The Northern Trust
How Tony Finau blocked out the haters, grabbed his ‘finally’ win and put to rest a tired narrative
JERSEY CITY, N.J. — Sunday after Sunday came and went without a trophy. They brought top-five finishes galore and PGA Tour stardom and generational wealth, but no hardware. Tony Finau was, in a sense, a prisoner of his own success. When you give yourself dozens of opportunities to win and you don’t do it, all anyone wants to talk about are the failures. This is the origin story of one of modern golf’s tried-and-true narratives: Tony Finau can’t get it done on Sunday.
Monday, however, proved a different story.
A day after Hurricane Henri passed through the Northeast and delayed The Northern Trust’s final round, Finau returned to Liberty National and played like a man who hadn’t won in five years. A back-nine 30, coupled with an unexpected wobble from World No. 1 Jon Rahm and a violent eject from Cameron Smith on the first playoff hole, brought Finau a second PGA Tour victory that felt more like a first.
“I have an extreme belief in myself, and I have to,” Finau, 31, said. The victory takes him to No. 1 in the FedEx Cup points standings with two tournaments to go and, perhaps more importantly, into the last automatic-qualifying spot for the U.S. Ryder Cup team with one week left in the points race.
“This game is hard as it is. These guys are so good as it is. If you can't believe you can beat them, man, it's just an uphill battle, and I just continue to believe. I believe in myself. I believe in my team. I haven't had the wins to maybe have that type of confidence and belief, but you just have to. I have to believe I can go out there and beat J.T. today, and I can beat Jon Rahm. I have to believe that, and I did, and I continue to do that, and that's the only reason why I'm sitting here today as the champion. I continue to believe in myself no matter where the chips fall, and try and do my best.”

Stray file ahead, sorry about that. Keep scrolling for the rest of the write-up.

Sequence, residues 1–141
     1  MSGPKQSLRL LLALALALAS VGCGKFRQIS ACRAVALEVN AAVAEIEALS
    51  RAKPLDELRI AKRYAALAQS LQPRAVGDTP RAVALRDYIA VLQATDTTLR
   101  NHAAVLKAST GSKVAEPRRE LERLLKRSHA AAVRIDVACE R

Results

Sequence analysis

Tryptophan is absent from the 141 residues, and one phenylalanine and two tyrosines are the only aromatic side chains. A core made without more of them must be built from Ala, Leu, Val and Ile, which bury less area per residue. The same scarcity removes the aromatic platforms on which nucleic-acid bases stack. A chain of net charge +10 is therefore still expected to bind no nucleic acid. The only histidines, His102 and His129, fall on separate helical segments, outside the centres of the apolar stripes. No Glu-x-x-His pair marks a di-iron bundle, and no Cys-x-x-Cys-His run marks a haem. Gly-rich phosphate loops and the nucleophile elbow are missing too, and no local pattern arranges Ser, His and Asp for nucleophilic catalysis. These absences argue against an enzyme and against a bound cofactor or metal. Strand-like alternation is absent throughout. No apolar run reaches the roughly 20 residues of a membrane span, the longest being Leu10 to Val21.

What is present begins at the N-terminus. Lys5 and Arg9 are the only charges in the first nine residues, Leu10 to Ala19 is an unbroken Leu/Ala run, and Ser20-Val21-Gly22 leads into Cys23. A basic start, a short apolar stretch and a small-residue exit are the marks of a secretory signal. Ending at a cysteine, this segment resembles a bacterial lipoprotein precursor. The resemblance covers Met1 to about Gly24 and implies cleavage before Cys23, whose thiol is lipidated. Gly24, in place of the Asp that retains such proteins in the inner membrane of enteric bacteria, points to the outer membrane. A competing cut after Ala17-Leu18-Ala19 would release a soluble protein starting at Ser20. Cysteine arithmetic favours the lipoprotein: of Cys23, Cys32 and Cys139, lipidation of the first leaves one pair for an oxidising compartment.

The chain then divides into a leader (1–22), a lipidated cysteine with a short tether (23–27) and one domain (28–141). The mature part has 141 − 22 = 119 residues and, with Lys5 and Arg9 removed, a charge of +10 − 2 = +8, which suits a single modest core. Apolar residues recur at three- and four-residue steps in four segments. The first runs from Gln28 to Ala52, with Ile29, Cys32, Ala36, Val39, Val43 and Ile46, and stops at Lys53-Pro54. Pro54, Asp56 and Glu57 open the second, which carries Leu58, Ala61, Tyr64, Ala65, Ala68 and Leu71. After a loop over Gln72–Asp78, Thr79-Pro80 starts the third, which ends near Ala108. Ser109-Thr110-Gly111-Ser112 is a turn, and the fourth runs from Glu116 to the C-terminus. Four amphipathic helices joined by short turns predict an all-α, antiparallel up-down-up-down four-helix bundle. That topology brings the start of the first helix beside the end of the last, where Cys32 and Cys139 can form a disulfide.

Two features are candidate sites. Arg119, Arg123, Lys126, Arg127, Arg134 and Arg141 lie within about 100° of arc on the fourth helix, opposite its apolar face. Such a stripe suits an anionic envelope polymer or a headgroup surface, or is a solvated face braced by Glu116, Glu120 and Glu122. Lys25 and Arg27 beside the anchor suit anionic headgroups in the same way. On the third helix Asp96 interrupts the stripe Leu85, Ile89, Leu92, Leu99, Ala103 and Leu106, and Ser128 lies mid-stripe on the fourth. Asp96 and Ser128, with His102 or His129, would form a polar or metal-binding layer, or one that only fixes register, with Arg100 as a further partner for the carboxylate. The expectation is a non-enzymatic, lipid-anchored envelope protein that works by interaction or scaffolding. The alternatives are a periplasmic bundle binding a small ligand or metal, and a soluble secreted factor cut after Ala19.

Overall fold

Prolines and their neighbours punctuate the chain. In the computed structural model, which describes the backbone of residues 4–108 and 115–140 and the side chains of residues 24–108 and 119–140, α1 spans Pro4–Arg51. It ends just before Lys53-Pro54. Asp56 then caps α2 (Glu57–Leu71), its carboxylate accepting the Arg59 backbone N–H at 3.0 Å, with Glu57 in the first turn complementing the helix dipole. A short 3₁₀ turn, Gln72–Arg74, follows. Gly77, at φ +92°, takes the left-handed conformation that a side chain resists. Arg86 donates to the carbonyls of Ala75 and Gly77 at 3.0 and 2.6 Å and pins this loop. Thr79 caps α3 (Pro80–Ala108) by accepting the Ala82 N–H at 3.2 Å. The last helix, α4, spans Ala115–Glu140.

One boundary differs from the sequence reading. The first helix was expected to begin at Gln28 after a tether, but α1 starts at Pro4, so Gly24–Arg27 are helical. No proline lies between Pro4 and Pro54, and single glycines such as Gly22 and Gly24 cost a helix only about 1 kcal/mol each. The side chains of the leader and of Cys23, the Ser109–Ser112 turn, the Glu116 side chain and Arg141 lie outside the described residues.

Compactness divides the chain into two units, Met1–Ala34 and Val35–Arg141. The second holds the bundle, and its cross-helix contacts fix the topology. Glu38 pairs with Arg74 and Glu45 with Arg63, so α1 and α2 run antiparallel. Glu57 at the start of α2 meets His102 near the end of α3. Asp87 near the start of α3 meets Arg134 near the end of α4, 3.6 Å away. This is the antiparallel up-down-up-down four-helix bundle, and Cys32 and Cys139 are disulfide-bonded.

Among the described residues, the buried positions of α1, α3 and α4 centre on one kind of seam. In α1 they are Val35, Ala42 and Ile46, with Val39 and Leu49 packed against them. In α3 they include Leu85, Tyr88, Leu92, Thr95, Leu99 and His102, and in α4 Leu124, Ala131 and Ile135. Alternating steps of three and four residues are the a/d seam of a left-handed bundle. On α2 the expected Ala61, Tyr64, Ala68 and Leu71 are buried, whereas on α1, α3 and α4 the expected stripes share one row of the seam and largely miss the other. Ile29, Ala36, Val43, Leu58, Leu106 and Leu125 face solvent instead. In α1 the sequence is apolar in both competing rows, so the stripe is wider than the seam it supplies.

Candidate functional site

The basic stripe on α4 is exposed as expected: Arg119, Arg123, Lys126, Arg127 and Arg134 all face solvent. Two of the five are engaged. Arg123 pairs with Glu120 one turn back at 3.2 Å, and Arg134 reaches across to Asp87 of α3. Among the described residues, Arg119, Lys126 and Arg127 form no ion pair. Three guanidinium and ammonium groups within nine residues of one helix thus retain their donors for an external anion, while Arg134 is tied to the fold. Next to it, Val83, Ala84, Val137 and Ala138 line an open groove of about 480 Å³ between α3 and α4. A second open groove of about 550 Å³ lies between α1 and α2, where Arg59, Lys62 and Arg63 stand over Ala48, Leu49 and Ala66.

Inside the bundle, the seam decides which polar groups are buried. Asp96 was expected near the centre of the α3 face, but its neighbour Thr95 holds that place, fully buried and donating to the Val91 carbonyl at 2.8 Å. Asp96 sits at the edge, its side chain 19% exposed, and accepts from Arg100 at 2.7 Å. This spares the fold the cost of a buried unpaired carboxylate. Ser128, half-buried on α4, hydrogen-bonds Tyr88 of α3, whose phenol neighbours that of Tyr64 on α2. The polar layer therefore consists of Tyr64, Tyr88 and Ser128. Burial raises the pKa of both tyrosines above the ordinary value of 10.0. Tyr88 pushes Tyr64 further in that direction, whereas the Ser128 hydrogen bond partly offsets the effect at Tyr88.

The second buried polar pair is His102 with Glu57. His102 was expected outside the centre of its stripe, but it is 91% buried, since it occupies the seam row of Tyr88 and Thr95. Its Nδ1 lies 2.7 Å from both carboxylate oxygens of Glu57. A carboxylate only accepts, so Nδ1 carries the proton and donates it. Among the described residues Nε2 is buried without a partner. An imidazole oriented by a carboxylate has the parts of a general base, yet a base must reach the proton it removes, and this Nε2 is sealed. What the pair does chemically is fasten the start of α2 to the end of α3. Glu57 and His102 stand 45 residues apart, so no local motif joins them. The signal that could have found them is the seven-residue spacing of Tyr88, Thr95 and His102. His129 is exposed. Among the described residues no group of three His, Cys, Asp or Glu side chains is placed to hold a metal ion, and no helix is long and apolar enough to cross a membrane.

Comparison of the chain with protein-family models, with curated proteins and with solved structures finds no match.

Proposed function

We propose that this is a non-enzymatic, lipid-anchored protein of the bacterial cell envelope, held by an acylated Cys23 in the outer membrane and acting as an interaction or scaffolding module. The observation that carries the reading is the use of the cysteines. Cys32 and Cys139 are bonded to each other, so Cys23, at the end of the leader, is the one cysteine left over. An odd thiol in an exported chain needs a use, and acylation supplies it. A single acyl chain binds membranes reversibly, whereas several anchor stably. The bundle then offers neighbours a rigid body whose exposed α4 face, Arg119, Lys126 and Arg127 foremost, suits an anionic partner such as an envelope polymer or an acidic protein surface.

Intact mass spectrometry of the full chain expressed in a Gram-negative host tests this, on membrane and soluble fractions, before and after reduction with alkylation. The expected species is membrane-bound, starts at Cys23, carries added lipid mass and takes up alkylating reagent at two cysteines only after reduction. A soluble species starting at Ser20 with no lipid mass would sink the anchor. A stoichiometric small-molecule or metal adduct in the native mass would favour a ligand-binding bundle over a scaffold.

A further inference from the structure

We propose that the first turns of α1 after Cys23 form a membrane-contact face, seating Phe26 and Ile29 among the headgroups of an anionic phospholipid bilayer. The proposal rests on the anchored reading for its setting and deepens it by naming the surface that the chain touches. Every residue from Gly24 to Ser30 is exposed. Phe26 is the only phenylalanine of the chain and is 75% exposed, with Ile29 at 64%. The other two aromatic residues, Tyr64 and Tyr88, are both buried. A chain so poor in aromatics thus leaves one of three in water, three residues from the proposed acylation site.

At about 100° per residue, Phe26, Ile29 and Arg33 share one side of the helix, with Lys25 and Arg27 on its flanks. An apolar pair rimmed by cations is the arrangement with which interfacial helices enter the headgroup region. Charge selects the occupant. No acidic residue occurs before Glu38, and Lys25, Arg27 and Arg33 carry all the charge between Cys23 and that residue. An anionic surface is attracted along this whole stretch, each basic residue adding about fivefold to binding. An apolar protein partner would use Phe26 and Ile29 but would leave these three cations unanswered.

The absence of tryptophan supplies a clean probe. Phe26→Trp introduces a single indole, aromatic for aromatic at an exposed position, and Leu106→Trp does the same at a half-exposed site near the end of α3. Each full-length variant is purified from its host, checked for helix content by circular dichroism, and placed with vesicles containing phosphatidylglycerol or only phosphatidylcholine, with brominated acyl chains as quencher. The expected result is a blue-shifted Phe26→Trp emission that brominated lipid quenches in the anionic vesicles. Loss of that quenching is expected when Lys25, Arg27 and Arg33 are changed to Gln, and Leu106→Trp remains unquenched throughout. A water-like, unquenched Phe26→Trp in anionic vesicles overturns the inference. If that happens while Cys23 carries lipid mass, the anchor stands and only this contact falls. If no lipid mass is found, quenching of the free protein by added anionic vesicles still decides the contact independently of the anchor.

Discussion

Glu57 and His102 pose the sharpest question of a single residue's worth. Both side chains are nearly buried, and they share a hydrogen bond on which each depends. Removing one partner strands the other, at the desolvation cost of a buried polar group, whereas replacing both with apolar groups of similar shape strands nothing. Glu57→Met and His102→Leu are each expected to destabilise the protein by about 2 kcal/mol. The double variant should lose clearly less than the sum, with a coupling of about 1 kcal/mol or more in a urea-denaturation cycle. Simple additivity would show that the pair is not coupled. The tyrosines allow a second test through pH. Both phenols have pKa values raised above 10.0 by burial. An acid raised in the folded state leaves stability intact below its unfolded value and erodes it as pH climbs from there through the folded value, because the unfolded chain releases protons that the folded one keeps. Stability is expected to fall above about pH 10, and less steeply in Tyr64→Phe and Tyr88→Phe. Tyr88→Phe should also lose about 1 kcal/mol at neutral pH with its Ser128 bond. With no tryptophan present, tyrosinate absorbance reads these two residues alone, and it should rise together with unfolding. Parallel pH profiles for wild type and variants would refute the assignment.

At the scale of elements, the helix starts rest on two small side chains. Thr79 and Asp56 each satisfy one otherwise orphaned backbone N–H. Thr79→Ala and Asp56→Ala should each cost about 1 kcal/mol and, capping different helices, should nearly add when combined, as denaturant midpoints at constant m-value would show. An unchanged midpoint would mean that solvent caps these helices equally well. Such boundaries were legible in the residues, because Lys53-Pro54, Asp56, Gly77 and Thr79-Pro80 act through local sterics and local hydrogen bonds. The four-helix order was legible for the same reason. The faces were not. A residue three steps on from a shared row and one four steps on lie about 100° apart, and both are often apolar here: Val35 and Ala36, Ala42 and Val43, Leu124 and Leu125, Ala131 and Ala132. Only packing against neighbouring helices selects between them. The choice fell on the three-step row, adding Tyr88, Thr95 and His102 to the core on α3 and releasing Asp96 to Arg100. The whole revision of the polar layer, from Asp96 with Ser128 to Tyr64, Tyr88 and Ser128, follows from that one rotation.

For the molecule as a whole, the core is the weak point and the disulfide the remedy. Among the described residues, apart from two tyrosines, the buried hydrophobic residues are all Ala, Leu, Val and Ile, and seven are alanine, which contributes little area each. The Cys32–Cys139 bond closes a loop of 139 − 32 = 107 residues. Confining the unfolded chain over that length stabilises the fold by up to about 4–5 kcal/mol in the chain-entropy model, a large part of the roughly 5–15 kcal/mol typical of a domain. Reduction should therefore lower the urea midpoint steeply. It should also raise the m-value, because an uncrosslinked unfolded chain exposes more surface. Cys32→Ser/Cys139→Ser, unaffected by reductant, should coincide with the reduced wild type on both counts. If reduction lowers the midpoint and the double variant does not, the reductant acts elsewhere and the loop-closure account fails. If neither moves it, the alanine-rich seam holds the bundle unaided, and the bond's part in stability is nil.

Finau's previous PGA Tour win, the 2016 Puerto Rico Open, came 1,975 days before he claimed The Northern Trust title.
The 2016 Puerto Rico Open surely brought sunshine and smiles for all who attended, but it looked a bit strange as the lone victory on Finau’s résumé. He is a player of jaw-dropping natural ability—he carries it 310-plus yards with a three-quarter backswing that’s probably closer to a three-fifths—and considerable accomplishments. In the 1,975 days since Puerto Rico, Finau has amassed eight runners-up, 11 top-threes, 39 top-10s, $20.4 million, a Ryder Cup start and a Presidents Cup appearance. Yet players of this caliber are judged by the Ricky Bobby criterion. If you ain’t first, you’re last. The focus, then, honed in on the near-misses. Why doesn’t he win more? Can he hole the putts down the stretch? Does he have what it takes to close the deal?
For the longest time on what turned out to be a balmy afternoon, it didn’t seem Finau would have any say in the matter. Rahm had kicked it into top gear, flashing the form that’s seen him emerge as the clear-cut best player in the world. The Spaniard played no-nonsense golf to turn in two-under 34 on Monday, and hold a two-shot lead. Finau needed to hop on his horse to have any chance, and even then, he’d likely need some help. He got both.
It began at 12, when Finau carved a pitching wedge to a back-right pin for a kick-in birdie. “When you can hit it to kick-in on any hole when you're trying to chase someone—that's a great feeling and gives you a lot of momentum when you don't really have to look at a putt,” Finau said.